California boatbuilder goes solar


The following is the text of a news release from Marine Group Boat Works (MGBW):

(NATIONAL CITY, Calif.) — Marine Group Boat Works, a family-owned boatbuilding and repair company with three facilities in San Diego and Los Cabos, recently completed a 500-kW rooftop solar panel system for its shipyard in National City, making it the first boatbuilder to use solar energy to construct boats.

“Our initial decision to go solar was driven primarily by our desire to be a zero-emission, low-impact boatbuilder,” said Todd Roberts, president of MGBW. "There’s no question that solar is an economic benefit, but there are many other advantages — everything from self-reliance and sustainability to doing the right thing. We chose to do the right thing.”

The new solar panel system will greatly decrease MGBW’s footprint and is expected to reduce annual energy consumption by 81 percent based on past and projected consumption. According to the EPA Greenhouse Gas Equivalencies Calculator, MGBW’s new solar system will save the equivalent of annual greenhouse gas emissions from 1.21 million miles driven by an average passenger vehicle while offsetting CO2 emissions from 57,002 gallons of gasoline consumed or 540,568 pounds of coal burned.

While MGBW has wanted to go solar for the past several years, energy consumption from boat repair was simply not great enough to warrant the investment. However, since MGBW opened its new construction division, increases in manufacturing and production output made possible by Navy and commercial newbuild contracts and facility upgrades made this the right time to do the right thing.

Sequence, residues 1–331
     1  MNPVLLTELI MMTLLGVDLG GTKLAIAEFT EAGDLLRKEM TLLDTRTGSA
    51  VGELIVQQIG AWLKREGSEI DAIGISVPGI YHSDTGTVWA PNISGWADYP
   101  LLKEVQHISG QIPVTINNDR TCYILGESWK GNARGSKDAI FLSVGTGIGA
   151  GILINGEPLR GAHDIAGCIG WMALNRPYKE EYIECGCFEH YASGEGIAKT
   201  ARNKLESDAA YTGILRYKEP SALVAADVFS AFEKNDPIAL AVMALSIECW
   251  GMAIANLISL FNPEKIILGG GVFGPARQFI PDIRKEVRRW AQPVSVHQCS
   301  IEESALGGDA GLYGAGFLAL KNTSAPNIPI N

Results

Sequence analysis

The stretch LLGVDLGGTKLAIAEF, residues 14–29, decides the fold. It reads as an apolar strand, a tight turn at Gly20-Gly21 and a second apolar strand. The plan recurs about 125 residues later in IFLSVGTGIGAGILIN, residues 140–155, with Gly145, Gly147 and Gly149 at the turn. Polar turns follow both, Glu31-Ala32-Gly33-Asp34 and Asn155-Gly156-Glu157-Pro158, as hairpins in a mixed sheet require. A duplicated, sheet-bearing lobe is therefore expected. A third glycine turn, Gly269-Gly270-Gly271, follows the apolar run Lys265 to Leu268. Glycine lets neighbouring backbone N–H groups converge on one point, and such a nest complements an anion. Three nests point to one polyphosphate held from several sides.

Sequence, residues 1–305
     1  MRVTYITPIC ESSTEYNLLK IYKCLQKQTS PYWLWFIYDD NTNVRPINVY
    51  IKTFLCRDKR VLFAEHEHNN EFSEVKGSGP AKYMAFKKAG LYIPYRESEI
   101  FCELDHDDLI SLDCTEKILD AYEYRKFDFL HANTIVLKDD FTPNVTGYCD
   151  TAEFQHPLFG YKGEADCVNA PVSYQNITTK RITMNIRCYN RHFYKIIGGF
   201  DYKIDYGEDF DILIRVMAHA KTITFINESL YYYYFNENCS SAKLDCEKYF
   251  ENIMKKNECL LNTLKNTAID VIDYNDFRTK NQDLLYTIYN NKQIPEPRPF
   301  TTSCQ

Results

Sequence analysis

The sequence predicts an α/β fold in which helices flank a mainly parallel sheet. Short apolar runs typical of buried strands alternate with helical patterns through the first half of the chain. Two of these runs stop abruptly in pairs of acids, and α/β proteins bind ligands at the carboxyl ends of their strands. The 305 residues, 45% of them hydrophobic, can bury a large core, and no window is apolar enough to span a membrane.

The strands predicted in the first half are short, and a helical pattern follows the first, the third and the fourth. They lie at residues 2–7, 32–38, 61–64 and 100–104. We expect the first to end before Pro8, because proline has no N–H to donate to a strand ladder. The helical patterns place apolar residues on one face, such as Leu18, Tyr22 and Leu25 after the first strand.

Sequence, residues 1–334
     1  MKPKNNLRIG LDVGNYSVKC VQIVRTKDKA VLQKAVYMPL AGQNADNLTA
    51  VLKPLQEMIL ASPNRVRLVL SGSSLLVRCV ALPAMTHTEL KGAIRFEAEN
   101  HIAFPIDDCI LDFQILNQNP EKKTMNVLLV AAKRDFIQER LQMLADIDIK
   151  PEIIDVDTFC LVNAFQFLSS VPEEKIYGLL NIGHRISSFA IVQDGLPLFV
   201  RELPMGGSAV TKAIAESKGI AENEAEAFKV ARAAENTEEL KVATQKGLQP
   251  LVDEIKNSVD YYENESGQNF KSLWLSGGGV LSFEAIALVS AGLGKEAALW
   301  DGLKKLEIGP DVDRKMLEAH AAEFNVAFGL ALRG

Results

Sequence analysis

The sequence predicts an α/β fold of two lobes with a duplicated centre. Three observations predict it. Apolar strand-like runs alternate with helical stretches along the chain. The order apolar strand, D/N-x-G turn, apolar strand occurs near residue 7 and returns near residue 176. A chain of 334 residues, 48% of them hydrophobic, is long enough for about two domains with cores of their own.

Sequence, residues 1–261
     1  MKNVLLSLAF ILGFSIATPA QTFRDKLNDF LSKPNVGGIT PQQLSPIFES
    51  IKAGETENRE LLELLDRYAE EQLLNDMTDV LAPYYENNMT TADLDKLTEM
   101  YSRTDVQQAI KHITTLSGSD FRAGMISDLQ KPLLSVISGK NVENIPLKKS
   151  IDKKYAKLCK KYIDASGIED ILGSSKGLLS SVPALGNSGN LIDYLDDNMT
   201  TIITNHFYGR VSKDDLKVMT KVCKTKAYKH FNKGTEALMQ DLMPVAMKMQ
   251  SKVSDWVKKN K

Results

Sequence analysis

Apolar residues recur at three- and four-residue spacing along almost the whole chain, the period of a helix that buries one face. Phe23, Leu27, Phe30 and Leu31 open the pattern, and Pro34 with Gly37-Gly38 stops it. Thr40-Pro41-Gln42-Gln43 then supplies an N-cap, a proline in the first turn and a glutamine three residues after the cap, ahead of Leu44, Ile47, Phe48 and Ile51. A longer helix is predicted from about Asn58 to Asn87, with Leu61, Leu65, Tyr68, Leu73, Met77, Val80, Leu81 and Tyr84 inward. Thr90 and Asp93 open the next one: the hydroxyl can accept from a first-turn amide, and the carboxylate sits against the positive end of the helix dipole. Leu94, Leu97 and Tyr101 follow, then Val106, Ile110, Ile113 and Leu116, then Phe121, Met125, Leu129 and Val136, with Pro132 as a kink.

After a nationwide competitive search, Baker Electric Solar, a San Diego-based full-service solar provider, was selected to design and install the 500-kW rooftop solar panel system for MGBW. The total cost was $1.2 million and took about three months to complete. According to Baker Electric Solar, the new solar system will provide more than $3 million in net savings over the 25-year warranted life of the solar modules. Return on the initial investment is expected to take about five years.

“They worked closely with our structural engineering and steel contractor and added roof reinforcements designed to meet seismic requirements when the concern came up. Baker stayed on schedule, did a great job of communicating and even arranged the solar commissioning after-hours and on a weekend to help us avoid interruptions to our business operations,” said Roberts.

MGBW’s commitment to sustainability and low-impact construction makes it a pioneer in the industry, as recognized by the Port of San Diego, which awarded MGBW with the 2016 Renewable Energy Sustainability Achievement Award at the recent Port Tenant Green Business Network annual event held on Dec. 7.

In addition to the solar installation, MGBW reclaims 100 percent of stormwater runoff without discharging any water into the bay. Sandblasting and painting are done in enclosures where all air emissions and dust are recaptured and when possible, recycled. For the transportation of labor and materials between both of its San Diego facilities, a fleet of electric vehicles and forklifts further reduces the shipyard’s carbon footprint.

By Professional Mariner Staff